TACC plays its part in helping clean up space, one obsolete satellite at a time
Moriba Jah isn’t your typical scientist. As the first African American to gain tenure at The University of Texas at Austin’s Department of Aerospace Engineering and Engineering Mechanics, and a core faculty member at the Oden Institute for Computational Engineering and Sciences, Jah has been defying norms and challenging the status quo his entire life.
Born in San Francisco to a Haitian mother and a father from Sierra Leone, he left the United States with his mom at age seven to start a new life in Venezuela. After completing high school there, he returned to the U.S., enlisted in the Air Force and was stationed in Montana.
A colorful career followed with academic studies at universities in Arizona and Colorado, as well as positions with NASA’s Jet Propulsion Laboratory and with the Air Force Research Laboratory in Hawaii and Albuquerque, New Mexico. Each position provided new opportunities for Jah to mingle with folks from NASA. These early interactions with the bastions of the U.S. civilian space program had a profound effect on what he is focused on now: trash.
Space trash to be exact.
As near space shifts from a playground previously open only to one or two superpowers, to a territory open to anyone who knows how to launch (or pay for) a satellite, we now have an estimated half a million anthropogenic space objects orbiting the Earth, launched by everyone from the Chinese government to the amateur astronomer who lives next door.
Currently, we can only account for approximately 26,000 of those half a million objects. This poses several challenges.
Firstly, the vast majority of satellites launched into space are designed with a “sell-by” date. When the date expires on this once heroic spacecraft, there’s no medal of bravery upon its return. It is simply left in orbit. And as thousands of satellites rendered obsolete must coexist with thousands of others still very much in use, one can see how space is becoming a crowded, dangerous place.
Given humankind cannot come to grips with the environmental disaster we have created for ourselves back down on Earth, why would anyone care about space trash?
Thankfully there are both national security and commercial interests heavily invested in greater regulation of space traffic and debris. Satellites providing data of all kinds to government, military, and private enterprises have begun to recognize the potential ramifications, should their expensive equipment collide with other untracked satellites.
Raising awareness for objects we’re unaware of in space isn’t an easy sell.
While there are others campaigning to regulate the untethered growth of space commerce, Jah remains one of the very few advocating, not just for the economic imperative of space traffic regulation, but also the long-term environmental impacts. The increasing amount of crowdsourced data collected by ASTRIAGraph – the very first knowledge graph for space traffic monitoring co-developed by Jah – is clear evidence that many more are beginning to listen.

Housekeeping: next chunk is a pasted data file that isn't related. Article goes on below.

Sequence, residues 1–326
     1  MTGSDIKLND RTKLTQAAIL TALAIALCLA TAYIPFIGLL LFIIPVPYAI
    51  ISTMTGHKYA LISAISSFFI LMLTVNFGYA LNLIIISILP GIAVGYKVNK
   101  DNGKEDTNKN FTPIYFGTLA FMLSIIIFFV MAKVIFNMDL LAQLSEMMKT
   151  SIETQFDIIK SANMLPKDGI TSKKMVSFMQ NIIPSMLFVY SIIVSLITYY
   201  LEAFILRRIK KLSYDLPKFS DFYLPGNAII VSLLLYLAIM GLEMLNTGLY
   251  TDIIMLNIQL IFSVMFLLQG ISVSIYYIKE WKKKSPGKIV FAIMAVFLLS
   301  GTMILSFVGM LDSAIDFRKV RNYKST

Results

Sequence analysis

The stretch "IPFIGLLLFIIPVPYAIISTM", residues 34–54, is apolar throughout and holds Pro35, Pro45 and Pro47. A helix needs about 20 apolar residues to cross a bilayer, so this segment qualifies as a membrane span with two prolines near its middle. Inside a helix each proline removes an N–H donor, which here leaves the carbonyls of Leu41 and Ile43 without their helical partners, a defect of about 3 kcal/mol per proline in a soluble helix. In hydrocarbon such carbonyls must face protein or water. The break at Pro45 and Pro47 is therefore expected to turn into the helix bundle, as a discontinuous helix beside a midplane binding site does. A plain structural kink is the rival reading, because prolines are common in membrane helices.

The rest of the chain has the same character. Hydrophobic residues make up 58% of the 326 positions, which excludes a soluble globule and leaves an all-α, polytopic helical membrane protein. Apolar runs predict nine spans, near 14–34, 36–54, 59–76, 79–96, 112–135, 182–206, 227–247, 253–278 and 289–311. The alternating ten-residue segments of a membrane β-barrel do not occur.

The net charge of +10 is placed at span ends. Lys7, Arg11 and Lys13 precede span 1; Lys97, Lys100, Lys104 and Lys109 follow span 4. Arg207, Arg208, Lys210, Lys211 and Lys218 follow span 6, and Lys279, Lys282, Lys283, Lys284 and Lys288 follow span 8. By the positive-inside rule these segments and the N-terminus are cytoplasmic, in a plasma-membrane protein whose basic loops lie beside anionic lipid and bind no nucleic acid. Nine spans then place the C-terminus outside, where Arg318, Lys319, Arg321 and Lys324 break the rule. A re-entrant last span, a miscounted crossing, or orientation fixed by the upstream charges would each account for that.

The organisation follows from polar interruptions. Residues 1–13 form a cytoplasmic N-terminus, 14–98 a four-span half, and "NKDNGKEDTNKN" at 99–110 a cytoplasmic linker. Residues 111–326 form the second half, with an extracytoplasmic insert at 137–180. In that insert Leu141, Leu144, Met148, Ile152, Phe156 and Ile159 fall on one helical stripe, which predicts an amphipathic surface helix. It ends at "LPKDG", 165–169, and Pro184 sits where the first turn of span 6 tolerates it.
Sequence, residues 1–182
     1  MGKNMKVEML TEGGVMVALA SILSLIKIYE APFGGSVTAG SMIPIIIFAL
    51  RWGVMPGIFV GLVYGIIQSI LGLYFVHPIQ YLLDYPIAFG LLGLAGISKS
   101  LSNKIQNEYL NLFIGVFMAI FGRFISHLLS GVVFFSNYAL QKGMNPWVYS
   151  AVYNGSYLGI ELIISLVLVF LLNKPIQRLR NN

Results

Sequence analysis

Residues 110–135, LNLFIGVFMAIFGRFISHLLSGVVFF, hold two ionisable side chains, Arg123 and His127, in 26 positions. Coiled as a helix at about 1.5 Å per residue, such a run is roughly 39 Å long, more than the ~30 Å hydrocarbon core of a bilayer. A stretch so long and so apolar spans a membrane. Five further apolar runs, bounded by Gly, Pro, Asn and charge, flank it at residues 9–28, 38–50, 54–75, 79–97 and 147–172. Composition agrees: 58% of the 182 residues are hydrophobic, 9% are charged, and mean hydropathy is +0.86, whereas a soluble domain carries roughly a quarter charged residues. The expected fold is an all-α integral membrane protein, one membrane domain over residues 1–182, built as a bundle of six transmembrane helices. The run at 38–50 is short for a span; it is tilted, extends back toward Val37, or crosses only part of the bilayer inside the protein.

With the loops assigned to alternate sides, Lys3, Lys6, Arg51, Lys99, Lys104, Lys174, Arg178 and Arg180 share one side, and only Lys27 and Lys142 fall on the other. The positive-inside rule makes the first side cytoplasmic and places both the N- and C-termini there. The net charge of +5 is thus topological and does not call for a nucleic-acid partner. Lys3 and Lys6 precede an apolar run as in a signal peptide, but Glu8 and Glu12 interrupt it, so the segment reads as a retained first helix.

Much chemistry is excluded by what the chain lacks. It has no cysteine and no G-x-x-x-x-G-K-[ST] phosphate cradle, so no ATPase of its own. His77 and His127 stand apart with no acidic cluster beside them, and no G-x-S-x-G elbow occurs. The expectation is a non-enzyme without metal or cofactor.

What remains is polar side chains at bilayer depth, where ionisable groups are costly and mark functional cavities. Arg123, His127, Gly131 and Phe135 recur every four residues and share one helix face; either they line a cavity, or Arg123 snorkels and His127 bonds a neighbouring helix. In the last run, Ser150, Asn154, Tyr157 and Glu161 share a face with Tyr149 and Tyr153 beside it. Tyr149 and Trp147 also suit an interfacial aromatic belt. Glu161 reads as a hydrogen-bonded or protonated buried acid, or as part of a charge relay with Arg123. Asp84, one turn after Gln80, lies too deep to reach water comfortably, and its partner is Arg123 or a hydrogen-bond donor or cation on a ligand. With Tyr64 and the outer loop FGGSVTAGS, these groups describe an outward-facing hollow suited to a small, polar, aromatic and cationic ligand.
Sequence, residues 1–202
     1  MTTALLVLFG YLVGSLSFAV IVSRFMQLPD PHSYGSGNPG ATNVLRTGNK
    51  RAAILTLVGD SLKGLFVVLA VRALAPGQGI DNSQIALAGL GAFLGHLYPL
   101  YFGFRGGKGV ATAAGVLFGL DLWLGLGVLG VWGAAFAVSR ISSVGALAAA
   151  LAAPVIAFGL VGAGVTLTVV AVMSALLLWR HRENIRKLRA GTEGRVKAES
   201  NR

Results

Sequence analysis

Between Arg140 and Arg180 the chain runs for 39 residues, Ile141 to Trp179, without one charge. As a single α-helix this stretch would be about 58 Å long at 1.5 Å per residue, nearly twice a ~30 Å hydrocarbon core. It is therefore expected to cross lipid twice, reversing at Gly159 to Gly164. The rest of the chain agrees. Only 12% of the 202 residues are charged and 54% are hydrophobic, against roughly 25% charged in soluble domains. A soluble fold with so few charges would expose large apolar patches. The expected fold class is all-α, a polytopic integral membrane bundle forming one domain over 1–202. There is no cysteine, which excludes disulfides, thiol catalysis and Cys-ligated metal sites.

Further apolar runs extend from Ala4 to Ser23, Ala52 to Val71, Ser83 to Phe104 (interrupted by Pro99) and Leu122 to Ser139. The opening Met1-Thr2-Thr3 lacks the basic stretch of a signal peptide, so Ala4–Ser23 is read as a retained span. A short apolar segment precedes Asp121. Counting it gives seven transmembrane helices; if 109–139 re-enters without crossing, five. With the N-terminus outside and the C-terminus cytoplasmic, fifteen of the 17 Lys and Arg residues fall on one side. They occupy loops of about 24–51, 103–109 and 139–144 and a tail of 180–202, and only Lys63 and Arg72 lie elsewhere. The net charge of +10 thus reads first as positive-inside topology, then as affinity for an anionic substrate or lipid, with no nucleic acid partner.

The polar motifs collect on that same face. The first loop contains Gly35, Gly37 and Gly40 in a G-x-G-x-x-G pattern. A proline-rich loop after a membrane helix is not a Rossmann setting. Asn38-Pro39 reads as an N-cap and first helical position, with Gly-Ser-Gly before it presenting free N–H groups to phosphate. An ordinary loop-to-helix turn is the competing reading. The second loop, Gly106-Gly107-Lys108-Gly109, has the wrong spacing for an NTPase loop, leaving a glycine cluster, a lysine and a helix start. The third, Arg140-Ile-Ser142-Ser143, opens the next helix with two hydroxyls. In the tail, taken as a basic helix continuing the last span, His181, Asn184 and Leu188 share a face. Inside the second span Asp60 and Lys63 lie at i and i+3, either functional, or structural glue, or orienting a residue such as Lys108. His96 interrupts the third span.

“The enthusiasm of so many around the world who volunteer their time and energy tracking space to help make ASTRIAGraph an authentic crowdsourced initiative truly energizes me,” Jah said. “But crowdsourced data collection alone isn’t enough to be confident that the information we aim to provide is reliable.”
That’s where TACC comes in.
“This is a multilayered challenge,” Jah said. “Not only do we have potentially half a million untracked anthropogenic space objects floating around, their behavior is subject to complex dynamics – such as the Earth’s gravitational pull, the Sun behaving in different ways, magnetic forces in space, etc.”
“We now have an estimated half a million anthropogenic space objects orbiting the Earth, launched by everyone from the Chinese government to the amateur astronomer who lives next door. Currently we can only account for approximately 26,000 of them.”
Researchers cannot assume one single flight path for an object. Because of the aforementioned variables in space, the information about an anthropogenic space object is inexact and thus needs to be modeled as a “bundle” of orbits. Evaluating bundles of orbits for hundreds of thousands of objects is made significantly easier when you have access to the world’s leading academic supercomputing facility.
Several times a day ASTRIAGraph, housed on TACC’s Corral system, receives information from a variety of sources.
“Most anthropogenic space objects are not self-reporting so we must come up with ways to ‘fingerprint’ these objects,” Jah said. “This is computationally intensive data collection work done remotely by radars and telescopes worldwide.”
TACC enables the capture and analysis of this information, which provides insights into the size, shape, and even materials an anthropogenic space object is made out of.
While some other current actors in space would prefer to monetize the provision of data on locations of all satellites in orbit around Earth, Jah remains committed to the crowdsourced, open-source approach. ASTRIAGraph is now offered as a ‘virtual machine’ that can be provided off-site.
“The United Arab Emirates and Australia are using it for their own space traffic purposes. Countries around the world are seeing what ASTRIAGraph, powered by TACC, has enabled,” Jah said. “Naturally they want to be able to do the same, and I’m more than happy to facilitate anyone wishing to promote more responsible and accountable behavior in space.”